Calmann-Lévy

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Calmann-Lévy
Parent companyHachette
Founded1836
FounderMichel Lévy and Kalmus "Calmann" Lévy
Country of originFrance
Headquarters locationParis
Publication typesBooks
Official websitecalmann-levy.fr

Calmann-Lévy is a French publishing house founded in 1836 by Michel Lévy (1821–1875) and his brother Kalmus "Calmann" Lévy (1819–1891), as Michel Lévy frères. It was renamed Calmann Lévy after the death of Michel in 1875.[1]

By 1875, the company was among the foremost publishing houses of Europe. It was the publisher of most of the important French authors of the second half of the 19th century, including Balzac, Baudelaire, René Bazin, Gabriele D'Annunzio, Dumas, Flaubert, Victor Hugo,[2] Lamartine, Ernest Renan, George Sand, Stendhal. In 1893, Calmann was succeeded by his sons Georges, Paul and Gaston, who went on to publish authors including Anatole France, Pierre Loti and Proust. During Nazi occupation, Gaston Lévy was interned, and the publishing company, run by the Germans, was renamed Éditions Balzac in 1943. After the liberation, the company was headed by Léon Pioton. Authors edited in the postwar period include: Arthur Koestler, Elia Kazan, Anne Frank, and later Donna Leon, Nicolas Hulot, Patricia Cornwell, Guillaume Musso, among others.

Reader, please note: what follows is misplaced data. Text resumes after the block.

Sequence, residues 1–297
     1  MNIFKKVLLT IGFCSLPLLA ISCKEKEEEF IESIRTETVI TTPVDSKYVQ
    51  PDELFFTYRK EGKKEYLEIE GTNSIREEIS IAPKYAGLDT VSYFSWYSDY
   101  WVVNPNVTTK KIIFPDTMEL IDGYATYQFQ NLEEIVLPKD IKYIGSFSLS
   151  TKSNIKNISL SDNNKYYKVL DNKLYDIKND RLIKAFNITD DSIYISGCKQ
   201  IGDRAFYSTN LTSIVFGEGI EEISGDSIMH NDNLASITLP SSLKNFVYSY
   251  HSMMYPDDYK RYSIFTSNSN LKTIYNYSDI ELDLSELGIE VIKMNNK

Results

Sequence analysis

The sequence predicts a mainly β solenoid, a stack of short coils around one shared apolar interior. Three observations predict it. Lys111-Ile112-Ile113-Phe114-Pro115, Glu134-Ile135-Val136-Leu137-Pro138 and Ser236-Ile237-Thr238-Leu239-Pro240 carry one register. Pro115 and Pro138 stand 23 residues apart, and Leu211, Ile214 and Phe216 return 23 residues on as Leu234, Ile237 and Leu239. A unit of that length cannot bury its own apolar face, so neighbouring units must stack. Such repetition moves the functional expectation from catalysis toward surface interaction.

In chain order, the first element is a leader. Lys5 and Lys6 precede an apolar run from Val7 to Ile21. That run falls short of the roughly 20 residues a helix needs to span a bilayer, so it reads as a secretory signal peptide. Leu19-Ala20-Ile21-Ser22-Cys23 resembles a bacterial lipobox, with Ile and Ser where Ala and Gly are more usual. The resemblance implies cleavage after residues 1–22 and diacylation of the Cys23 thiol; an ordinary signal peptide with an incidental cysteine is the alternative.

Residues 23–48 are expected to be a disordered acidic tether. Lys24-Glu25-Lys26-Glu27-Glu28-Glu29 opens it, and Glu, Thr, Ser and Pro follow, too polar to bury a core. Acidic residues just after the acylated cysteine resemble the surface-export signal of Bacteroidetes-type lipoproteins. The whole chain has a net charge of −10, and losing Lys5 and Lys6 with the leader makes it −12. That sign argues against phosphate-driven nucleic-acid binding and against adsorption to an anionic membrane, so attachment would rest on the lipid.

Since 1993, Calmann-Lévy has been owned by Hachette (which is in turn owned by Lagardère Group).

References[edit]

  1. ^ « La fulgurante saga familiale des frères Lévy, inventeurs de l’édition moderne », Noémie Grynberg, Israel Magazine, 2010.
  2. ^ Juliette Drouet - Édition des Lettres de Juliette Drouet à Victor Hugo ISSN 2271-8923 Accessed 14 February 2016

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